When I think about family there is a distinct image that comes to mind. For me family is where everybody knowing each other really well. There is a close bond that unites all of the members together. We are committed to each other. We are committed to each person in the family. And while there is that sense of commitment to one another we don’t all have it to each other. We don’t know each other so closely that everyone is that committed to everyone else. There may be lots of people you do know that closely and are committed to, but not everyone. Hopefully you have chosen to be part of a small group and have discovered that kind of commitment there. That is what they are about.
Small groups are the place where you can gain that kind of commitment to a group of people.
But not everyone knows everyone else here like that. The intimacy, where everybody knows everybody really really well doesn’t quite fit. We may know each other’s name, but we don’t all really know much about everybody else who comes here or considers being part of this community of faith. And that’s okay.
I know some see family in terms of those relatives they are stuck with. As the adage says “you can pick your friends but you can’t pick your family”. Well I want you to know that I don’t feel stuck here. This isn’t the only option for me as a pastor. I don’t see each of you as relatives I have to put up with, as a matter of fact, none of us really have to be here; its not like we are stuck here, rather we choose to be part of this community of faith.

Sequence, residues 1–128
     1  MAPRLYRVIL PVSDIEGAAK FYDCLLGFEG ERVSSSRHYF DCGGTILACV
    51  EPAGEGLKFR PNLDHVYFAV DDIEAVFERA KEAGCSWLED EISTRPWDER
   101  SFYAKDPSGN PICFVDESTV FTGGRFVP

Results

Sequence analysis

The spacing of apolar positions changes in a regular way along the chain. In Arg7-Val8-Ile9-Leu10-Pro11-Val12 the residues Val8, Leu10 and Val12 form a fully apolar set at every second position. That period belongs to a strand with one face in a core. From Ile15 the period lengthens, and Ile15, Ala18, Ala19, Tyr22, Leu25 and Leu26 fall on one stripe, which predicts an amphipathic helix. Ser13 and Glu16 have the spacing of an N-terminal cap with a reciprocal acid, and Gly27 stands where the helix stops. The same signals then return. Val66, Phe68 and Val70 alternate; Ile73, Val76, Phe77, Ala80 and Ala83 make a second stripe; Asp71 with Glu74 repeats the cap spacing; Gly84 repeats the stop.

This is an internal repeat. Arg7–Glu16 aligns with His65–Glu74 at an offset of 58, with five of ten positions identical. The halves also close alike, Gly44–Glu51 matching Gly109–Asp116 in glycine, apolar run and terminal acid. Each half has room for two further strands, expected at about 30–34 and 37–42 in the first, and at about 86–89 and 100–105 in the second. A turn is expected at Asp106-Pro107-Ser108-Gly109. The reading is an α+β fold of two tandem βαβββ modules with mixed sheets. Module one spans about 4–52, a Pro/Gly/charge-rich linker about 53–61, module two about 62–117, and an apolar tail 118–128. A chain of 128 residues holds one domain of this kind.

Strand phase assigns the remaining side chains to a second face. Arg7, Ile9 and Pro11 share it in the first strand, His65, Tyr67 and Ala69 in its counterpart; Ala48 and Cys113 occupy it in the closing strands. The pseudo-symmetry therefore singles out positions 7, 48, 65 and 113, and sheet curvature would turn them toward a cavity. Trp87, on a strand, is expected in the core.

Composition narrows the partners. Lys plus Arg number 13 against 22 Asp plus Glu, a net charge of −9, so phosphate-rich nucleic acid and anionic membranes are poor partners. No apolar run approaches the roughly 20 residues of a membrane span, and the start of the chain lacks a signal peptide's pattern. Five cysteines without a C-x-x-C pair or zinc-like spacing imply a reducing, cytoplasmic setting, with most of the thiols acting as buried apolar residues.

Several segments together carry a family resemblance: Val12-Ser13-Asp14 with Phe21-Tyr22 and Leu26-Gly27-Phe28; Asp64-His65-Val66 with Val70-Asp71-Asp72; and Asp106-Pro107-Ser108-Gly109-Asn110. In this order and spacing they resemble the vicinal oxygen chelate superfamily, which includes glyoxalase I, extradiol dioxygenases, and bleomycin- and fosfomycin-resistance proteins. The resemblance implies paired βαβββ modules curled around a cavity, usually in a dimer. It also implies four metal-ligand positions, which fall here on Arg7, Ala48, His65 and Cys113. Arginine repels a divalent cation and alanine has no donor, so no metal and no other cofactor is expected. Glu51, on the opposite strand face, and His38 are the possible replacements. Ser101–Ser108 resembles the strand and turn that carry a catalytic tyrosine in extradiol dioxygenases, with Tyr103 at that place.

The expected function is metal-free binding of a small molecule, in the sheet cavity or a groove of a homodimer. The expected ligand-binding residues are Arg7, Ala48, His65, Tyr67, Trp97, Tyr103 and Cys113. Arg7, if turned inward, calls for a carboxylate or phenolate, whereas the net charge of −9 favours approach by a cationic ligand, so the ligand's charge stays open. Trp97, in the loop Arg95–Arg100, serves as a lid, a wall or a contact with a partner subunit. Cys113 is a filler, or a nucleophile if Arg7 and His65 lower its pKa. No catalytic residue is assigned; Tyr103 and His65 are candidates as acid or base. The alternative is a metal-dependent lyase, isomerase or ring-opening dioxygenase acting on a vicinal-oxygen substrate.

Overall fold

Some think of family as being the people who have to accept us just as we are. Because they are family they have to put up with me when I am feeling or being miserable. After all we are family and you have to love me regardless of how obnoxious I am, because we are indeed family. Hopefully we love one another, even when we are being miserable, but we also are here to help each other through our miserable times and straighten each other out when we need straightening. In families that is not always easy.
The more I have been thinking about it the more I have seen how we really are more of a community than a family. We have chosen to come together to build a community of faith under the Lordship of Jesus Christ.
Now before you start feeling like something is wrong with being more of a community than a family, or that we somehow have lost something, just stick with me for a few minutes.